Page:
although some profs dispute it's use of course;  they dispute all.

> Could you shed some light on that for those of us who don't know?

Confucianism refers to the teachings of Master Kong in the 5th Cen
BCE, the late Chou Dynasty, in which he created a traditionalism out
of Earlier Chou-dynasty culture, and urged Kings of the day to rule
with Benevolence (human-heartedness, goodness, virtue) rather than
brute force & raw exploitation. A message still needed in our world.
Mencius and other thinkers amplified his message and added stronger
& systematic moral teachings at the chaotic end of the Chou.  In the
Han Dynasty 200 BCE - 200 CE, Confucianism was co-opted by being 
selected as the Official State Doctrine and supplemented with an 
early metaphysical structure, I Ching -type fortune-telling, etc.  
It then waned for 1000 years as Buddhism (and Religious Daoism) took
over and dominated all new thought.

Neo-Confucianism is what we call the teachings of Chu-hsi [Chuxi] 
around 1200 and their modifications until now.  Chu was a great 
genius-scholar of the Sung Dynasty who synthesized the teachings of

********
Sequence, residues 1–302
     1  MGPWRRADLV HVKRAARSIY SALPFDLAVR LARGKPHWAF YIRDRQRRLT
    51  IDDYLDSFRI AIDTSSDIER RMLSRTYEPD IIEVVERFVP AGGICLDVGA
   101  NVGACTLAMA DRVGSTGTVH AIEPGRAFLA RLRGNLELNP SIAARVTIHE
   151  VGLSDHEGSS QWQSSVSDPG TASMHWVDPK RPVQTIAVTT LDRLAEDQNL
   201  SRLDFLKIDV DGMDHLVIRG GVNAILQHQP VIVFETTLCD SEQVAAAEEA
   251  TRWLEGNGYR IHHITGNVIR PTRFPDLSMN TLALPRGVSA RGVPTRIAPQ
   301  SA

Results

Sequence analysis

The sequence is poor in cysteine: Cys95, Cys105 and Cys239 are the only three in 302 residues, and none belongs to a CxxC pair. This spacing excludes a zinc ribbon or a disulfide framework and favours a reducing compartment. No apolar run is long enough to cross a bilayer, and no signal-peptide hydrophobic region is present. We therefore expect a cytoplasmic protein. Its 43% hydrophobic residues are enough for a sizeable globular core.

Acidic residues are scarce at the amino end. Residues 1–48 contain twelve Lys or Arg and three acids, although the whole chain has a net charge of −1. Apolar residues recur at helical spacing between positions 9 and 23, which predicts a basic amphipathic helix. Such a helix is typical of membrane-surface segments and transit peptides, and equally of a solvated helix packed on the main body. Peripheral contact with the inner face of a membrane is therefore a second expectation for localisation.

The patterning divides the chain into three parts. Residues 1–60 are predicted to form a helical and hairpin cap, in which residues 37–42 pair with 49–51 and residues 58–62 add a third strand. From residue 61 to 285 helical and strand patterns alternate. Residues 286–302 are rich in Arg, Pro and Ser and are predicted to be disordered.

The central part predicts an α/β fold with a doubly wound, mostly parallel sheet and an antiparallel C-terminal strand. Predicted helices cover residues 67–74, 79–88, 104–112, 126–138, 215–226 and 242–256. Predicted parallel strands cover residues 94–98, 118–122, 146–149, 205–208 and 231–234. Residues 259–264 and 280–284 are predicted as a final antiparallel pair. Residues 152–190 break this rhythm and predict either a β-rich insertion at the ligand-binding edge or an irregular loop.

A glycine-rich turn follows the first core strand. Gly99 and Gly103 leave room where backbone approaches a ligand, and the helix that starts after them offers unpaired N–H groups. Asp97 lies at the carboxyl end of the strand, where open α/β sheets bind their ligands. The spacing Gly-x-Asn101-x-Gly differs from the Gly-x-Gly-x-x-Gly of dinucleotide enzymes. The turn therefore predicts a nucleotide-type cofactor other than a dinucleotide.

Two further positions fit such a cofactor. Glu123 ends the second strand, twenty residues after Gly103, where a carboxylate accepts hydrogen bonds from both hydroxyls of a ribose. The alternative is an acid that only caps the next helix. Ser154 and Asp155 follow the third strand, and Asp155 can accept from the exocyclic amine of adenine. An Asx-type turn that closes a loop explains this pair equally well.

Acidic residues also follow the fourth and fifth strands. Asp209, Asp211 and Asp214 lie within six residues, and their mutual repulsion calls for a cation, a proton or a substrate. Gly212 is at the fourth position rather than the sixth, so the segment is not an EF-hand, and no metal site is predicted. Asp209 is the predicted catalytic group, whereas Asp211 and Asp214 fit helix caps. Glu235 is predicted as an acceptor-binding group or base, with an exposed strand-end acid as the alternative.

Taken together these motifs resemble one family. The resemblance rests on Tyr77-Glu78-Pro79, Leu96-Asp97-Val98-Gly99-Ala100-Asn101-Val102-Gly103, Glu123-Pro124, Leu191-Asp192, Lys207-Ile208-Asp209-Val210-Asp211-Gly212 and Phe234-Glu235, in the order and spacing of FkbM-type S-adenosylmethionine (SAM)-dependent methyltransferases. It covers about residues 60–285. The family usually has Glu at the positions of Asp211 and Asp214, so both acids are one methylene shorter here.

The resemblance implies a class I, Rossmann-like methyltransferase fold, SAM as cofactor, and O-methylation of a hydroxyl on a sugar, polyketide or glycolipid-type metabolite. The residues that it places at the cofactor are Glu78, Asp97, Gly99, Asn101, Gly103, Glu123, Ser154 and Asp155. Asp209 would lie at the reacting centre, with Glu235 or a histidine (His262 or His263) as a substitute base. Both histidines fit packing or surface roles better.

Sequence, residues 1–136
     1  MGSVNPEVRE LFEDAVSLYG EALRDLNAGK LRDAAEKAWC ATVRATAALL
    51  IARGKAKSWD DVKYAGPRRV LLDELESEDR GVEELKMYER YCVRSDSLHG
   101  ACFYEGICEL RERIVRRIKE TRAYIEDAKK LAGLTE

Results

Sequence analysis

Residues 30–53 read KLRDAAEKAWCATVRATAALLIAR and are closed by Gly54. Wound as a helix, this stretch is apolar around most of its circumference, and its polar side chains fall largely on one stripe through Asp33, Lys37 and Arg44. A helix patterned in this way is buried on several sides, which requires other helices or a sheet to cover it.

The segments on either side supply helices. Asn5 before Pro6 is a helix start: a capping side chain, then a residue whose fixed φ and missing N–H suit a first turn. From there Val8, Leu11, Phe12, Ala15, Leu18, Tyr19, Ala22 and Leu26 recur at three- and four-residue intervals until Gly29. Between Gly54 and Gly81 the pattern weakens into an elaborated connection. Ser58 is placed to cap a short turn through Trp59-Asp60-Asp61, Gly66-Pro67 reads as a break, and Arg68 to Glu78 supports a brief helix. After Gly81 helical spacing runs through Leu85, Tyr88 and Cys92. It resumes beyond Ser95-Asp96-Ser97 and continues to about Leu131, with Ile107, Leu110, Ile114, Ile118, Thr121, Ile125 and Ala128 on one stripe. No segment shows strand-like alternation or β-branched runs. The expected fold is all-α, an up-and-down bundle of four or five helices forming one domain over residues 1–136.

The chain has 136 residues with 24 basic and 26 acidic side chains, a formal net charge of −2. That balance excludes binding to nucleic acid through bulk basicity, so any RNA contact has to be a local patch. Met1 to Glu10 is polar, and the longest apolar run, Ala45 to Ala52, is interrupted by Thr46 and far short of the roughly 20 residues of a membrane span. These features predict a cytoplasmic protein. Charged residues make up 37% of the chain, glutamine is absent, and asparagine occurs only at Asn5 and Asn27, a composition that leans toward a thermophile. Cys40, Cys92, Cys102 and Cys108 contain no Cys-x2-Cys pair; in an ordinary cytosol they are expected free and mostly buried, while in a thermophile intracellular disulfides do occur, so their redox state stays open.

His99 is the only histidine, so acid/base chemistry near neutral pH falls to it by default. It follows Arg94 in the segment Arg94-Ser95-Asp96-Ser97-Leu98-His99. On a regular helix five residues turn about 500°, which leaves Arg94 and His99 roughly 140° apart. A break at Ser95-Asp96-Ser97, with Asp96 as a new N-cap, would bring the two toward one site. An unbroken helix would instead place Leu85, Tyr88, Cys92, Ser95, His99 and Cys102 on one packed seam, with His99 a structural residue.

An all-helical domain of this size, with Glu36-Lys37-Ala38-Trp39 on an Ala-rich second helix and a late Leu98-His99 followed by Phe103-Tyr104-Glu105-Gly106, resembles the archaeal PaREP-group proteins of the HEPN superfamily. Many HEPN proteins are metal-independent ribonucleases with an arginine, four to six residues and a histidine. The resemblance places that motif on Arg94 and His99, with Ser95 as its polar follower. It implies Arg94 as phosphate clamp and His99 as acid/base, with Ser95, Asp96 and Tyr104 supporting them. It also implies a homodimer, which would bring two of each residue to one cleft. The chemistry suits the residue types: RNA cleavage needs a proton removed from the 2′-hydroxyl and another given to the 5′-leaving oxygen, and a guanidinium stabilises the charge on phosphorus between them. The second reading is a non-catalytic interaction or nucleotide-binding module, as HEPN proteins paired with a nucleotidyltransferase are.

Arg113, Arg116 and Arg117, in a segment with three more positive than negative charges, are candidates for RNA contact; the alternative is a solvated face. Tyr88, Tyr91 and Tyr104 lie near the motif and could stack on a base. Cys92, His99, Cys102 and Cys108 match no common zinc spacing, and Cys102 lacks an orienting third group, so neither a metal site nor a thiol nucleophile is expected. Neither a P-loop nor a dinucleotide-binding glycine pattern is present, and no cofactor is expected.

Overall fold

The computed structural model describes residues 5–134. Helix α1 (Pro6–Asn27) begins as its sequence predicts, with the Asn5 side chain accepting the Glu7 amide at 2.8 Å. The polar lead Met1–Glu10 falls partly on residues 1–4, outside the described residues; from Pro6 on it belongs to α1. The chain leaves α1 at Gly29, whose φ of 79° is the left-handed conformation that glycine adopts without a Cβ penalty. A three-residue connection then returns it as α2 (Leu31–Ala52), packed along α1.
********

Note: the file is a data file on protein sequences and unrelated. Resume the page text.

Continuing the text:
5/6/7 great thinkers of the generation or two before him, compiling
and explaining their ideas into what would become the basic textbooks
of Chinese thought for 600 years or so.  He/they incorporated the 
best of Daoist and Buddhist metaphysics, ethics and contemplative 
techniques into the Confucian structure, creating a grand holistic
worldview, guide for government & education, and way-of-life.

Kublai Khan adopted Neo-Confucianism as the Official State Doctrine
of the Yuan (Mongol) Empire in 1313, and it remained so throughout 
the subsequent Ming and Ching Dynasties, until western ideas took 
over China in the 20th Century.

An Hyang brought the Neo-Confucianist teachings to Korea in the 14th
Cen, they spread rapidly among the elite and prompted the overthrow
of the Buddhist Koryeo Dynasty.  Neo-Confucianism took over Korea in
a radical fire-breathing way, like communism took over Russia, China
etc.  But was loosely implemented outside of the Capital City area